Whispersfrommyheart's Blog

Shadows of the Past—My Story.

Posted on: May 30, 2012

ImagePart I

                Close your eyes and imagine your childhood. What do you see?

For me, whenever I thought of my childhood, I didn’t have colorful images flooding my mind, only darkness. It was as if my childhood had been completely wiped clean. Accompanying this darkness was a brooding sense of dread. I was convinced there was something wrong with me. My brothers and sisters didn’t have a problem recalling certain events from our past, but I couldn’t.

What was in the shadows?

My adolescence, and early adulthood were a struggle. There were moments of happiness sprinkled through my life, but depression was a dark shadow that followed me everywhere. No matter what I did, I normally found myself underneath that black cloud. Happiness was lost in the reality of my existence—a momentary sidebar.

My father was in the Navy, so my family moved many times in my life. During my 8th grade year, we settled into a small town in Southern Illinois, where I still call home today. Quickly, I became the butt of everyone’s jokes. I was bullied mercilessly.

I became a Christian at the age of 14. By the time I turned 20 years of age, I had graduated from Christ For the Nations Institute in Dallas, Texas. I had big plans to be used by God for his glory. By the time I turned 21, my world began to fall apart. My parents divorced after 25 years of marriage, and I experienced my first major heartbreak. I was filled with anger because, as a Christian, I expected God to guide me into blessings and not heartache and sorrow.

I was angry.

Without a mentor to guide me, the anger took control and I walked away from the church and my relationship with the LORD.

During my absence from the body of Christ I became extremely promiscuous. I remember making a deliberate choice to use “Them” (lumping all men together) before they used me. My goal before I celebrated my birthday was to have 23 notches on my bedpost before I actually turned 23. I broke a few hearts, and I made sure I didn’t see the same man twice.

Until I moved to Alameda, California.

The one heart I stomped on belonged to Michael. I will never forget him. He put up with a lot from me. He held me while I cried over a lost love. He was tenderhearted. He was perfect. But, I was still angry and determined to use men for my own gratification. Michael loved me. I knew he did. I mattered to him. But, for some reason, I couldn’t love him.

Then I met the father of my children.

I met Tom at a local bar; the same bar I met Michael. I was immediately taken by Tom. He was tall and knowledgeable, and at 6’ 8”, my height—6’ 2”—was not an issue. He took me dancing. He wined and dined me. For the second time in my life, I felt like I mattered to someone. Within six months, I was pregnant.

We were married that year, in Louisiana, on April 12th, 1986.

The abuse began April 10th, two days before we were married. As soon as he began trying to control me, I shut down. I gave in. I obeyed.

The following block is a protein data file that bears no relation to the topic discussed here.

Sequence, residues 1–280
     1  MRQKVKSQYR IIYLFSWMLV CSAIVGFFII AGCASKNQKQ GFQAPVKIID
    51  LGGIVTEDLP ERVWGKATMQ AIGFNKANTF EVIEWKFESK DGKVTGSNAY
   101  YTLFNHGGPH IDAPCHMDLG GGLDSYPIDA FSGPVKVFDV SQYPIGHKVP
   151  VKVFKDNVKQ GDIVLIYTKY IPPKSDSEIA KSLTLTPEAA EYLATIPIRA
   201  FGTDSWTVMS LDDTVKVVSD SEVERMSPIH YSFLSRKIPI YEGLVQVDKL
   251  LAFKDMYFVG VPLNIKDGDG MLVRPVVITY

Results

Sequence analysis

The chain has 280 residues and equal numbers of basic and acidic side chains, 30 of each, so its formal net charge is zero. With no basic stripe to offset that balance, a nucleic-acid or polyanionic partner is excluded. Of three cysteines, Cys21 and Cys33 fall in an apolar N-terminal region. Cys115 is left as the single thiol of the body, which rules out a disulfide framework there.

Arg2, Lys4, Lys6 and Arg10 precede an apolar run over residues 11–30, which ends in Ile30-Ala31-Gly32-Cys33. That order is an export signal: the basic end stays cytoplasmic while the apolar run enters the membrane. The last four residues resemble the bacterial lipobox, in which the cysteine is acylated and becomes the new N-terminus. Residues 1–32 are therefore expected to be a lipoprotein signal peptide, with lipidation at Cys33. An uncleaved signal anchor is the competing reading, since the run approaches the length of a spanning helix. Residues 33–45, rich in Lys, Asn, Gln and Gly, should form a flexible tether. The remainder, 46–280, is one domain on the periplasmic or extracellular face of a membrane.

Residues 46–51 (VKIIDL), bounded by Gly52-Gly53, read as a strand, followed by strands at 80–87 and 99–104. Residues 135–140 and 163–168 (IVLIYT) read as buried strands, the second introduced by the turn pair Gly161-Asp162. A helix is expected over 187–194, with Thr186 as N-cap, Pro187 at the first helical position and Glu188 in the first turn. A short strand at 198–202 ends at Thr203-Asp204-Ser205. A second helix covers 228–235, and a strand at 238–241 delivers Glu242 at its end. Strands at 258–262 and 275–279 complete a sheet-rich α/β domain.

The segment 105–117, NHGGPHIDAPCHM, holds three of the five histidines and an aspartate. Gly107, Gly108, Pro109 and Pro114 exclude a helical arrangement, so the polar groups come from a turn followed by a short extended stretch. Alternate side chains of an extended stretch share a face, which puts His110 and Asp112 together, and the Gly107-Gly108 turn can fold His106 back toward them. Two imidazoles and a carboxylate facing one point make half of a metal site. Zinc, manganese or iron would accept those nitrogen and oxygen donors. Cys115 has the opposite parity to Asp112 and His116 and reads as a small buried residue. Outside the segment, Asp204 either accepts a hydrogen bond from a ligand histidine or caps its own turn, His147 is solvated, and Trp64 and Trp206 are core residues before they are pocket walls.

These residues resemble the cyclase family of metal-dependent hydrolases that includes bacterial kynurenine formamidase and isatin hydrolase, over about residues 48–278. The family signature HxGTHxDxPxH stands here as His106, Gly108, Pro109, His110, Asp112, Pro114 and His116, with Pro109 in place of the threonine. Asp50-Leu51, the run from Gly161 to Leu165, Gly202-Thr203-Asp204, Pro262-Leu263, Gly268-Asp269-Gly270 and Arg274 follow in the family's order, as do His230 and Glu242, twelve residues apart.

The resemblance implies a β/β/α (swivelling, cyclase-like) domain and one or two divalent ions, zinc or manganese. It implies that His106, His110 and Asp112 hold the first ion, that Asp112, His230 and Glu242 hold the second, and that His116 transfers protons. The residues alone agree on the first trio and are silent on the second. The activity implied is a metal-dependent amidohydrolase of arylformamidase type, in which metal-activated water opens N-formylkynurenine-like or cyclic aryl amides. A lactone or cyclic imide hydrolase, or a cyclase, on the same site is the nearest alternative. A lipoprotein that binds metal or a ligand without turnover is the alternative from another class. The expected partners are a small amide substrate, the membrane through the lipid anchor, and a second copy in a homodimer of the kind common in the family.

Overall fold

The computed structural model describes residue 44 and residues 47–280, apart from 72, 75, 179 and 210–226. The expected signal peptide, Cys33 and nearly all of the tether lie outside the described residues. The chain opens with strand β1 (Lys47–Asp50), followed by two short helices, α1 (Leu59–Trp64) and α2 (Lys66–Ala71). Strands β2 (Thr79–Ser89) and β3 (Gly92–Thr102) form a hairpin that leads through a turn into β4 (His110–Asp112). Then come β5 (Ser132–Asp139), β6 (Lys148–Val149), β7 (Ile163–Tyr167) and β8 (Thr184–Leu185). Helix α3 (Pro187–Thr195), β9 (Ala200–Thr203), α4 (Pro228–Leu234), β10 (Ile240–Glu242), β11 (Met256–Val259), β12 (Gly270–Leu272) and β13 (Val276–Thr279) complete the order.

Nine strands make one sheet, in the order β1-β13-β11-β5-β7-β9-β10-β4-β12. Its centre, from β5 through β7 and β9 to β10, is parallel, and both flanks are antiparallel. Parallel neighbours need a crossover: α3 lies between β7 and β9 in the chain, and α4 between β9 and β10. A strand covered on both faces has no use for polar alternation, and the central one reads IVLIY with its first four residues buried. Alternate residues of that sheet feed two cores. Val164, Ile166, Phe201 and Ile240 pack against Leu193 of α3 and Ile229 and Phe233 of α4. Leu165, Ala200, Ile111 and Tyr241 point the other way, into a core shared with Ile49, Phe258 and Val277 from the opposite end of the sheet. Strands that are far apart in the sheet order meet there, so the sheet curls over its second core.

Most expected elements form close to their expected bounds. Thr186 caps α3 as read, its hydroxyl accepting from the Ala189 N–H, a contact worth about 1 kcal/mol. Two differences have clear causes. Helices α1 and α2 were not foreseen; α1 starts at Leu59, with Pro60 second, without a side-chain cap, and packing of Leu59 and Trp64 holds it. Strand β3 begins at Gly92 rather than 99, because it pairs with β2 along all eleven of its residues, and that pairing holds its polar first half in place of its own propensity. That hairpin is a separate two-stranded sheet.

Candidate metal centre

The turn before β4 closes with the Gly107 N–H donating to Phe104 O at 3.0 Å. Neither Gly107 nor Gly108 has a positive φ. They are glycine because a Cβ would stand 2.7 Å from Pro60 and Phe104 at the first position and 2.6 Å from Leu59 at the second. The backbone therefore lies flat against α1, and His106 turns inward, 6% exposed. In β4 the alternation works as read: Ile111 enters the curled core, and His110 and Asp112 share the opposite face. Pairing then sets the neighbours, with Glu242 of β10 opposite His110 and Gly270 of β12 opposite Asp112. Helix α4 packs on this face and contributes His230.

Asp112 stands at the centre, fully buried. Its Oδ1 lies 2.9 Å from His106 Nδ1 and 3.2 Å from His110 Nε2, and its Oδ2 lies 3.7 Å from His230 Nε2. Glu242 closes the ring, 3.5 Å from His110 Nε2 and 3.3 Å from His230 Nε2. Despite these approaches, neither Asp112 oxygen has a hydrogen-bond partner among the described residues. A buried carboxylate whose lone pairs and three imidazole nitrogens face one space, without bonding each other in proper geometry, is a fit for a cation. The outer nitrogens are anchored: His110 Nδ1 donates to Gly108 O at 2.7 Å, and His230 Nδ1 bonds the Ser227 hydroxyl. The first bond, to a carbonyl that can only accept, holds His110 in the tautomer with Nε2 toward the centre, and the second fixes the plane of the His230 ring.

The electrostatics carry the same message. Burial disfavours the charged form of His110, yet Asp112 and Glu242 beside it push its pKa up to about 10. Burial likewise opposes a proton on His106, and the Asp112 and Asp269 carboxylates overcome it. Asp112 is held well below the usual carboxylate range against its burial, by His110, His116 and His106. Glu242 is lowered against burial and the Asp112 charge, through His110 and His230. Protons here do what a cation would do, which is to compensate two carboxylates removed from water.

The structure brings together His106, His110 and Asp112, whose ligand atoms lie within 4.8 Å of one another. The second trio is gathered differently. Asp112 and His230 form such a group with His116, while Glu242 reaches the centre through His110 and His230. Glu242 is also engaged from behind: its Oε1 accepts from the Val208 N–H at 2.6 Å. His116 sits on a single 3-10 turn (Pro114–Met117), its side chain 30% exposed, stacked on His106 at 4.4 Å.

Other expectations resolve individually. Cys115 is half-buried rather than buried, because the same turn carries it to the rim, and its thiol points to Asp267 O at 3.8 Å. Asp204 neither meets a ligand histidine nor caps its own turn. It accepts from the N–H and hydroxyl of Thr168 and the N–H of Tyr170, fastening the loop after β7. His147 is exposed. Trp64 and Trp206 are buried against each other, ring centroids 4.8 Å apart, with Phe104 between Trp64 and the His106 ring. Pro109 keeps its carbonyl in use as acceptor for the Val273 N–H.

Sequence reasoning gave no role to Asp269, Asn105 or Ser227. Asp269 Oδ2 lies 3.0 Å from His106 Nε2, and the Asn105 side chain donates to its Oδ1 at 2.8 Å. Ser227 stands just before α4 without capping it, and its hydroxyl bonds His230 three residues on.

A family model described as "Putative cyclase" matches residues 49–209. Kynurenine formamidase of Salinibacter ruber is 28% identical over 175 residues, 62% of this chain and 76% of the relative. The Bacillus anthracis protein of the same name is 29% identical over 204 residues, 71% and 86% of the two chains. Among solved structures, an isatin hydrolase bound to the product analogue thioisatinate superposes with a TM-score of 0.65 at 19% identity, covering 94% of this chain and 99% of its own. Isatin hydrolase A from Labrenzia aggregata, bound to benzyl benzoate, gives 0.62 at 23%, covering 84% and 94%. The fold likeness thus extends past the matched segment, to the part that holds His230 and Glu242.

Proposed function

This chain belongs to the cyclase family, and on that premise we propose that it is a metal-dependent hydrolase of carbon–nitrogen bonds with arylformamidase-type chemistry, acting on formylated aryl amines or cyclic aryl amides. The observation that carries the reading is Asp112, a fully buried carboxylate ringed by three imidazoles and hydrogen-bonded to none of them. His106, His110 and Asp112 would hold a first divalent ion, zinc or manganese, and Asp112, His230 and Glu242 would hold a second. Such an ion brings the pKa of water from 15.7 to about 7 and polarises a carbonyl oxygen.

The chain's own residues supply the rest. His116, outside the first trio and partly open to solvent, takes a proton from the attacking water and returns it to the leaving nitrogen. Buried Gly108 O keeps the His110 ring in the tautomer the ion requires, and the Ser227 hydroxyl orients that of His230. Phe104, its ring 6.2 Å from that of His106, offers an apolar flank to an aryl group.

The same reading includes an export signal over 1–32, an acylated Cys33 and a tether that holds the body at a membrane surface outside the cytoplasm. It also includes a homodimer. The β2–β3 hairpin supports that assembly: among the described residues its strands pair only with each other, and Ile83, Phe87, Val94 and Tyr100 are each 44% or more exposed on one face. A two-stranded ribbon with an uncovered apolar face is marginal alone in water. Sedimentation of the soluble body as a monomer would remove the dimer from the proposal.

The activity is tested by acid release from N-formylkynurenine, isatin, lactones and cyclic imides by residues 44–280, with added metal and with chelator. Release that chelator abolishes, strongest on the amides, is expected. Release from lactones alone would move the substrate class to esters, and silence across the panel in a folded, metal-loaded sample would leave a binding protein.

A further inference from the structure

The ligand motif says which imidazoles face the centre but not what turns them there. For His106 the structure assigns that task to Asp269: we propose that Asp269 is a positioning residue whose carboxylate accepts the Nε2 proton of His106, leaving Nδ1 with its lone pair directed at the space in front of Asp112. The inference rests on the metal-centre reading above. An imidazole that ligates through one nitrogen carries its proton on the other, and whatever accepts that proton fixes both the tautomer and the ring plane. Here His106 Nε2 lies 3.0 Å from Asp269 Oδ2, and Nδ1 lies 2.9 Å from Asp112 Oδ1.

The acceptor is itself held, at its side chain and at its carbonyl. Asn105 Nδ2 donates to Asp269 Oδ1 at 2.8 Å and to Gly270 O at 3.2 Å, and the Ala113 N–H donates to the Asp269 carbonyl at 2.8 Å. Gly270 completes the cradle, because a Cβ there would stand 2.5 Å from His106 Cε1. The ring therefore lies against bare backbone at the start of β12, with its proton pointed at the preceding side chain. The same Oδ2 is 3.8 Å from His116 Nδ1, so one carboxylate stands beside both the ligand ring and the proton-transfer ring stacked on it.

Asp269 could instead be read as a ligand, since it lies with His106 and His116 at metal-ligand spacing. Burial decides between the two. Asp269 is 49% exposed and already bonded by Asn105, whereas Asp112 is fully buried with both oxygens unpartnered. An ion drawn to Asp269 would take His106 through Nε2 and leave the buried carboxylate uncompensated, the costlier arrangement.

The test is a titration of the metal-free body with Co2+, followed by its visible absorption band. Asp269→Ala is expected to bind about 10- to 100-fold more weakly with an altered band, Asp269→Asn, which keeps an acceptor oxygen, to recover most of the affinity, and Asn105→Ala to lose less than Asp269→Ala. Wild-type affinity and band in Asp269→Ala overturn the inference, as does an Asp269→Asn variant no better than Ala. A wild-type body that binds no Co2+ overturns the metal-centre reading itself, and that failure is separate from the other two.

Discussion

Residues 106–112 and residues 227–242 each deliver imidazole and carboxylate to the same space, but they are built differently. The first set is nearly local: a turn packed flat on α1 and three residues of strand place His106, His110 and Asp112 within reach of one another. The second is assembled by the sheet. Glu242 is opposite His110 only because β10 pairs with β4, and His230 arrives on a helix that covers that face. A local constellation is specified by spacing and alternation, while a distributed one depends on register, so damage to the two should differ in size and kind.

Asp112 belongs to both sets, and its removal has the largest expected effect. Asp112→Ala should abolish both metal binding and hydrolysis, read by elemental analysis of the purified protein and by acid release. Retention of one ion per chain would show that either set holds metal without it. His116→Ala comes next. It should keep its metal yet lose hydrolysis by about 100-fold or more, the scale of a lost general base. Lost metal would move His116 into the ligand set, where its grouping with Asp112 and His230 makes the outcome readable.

My marriage was tumultuous—to put it mildly—from the beginning. When I delivered my children the momma bear in me showed up and I changed from the obedient one, to the crazed woman who now fought back.

That didn’t go over too well.

During my second pregnancy the verbal abuse turned physical. I learned how far I could push him before I began to fear for my safety, most of the time, I backed down. Before discovering I was pregnant with our third child I began wanting out of the marriage, but knew I couldn’t leave. I believed in biblical principles. I believed in was the sanctity of marriage. I knew God hated divorce and the bible only gave two reasons for it; Infidelity and, if the unbeliever wanted to leave. I felt stuck.

I suspected infidelity, I just didn’t have proof.

The last West Pac—a six month cruise in the West Pacific—Tom went on, provided me with proof of his infidelity. I felt God releasing me from the marriage, but inside, I still wasn’t strong enough to follow through. I sought counseling in hopes I would be encouraged to leave my abusive marriage. God had another plan.

“Tell me about your childhood.” The very first question the counselor asked.

I pondered on his question, but there was a mental block. “Normal, I guess.” was my first response. But, no sooner had those words passed through my lips, I knew they were wrong. “No, wait,” I blurted out, “that isn’t right.” All of a sudden, memories that were buried deep in my heart, regurgitated onto the canvas of my mind. “I was…m…” I tried to tell him. “I was mol…” I tried again. I lost control. Scenes of sexual abuse. Screams. Faces. Terror. Names. Pleas for God to save me. Unanswered prayers. I remembered. Finally, I was able to verbalize…“I was molested!” All I could do was sob.

Light exposed the shadows.

The counselor, as helpful as he had been, when he found out I was just a spouse of an enlisted man, informed me he really couldn’t help me. The counseling was there for military men and women, not their spouses, but he did encourage me to find help…he could refer me…

While I struggled to deal with the emotions of a failing marriage, I now had to deal with the reality of my abuse. My marriage was over. I had two small children and five months pregnant with our third. We left October 17, 1989.


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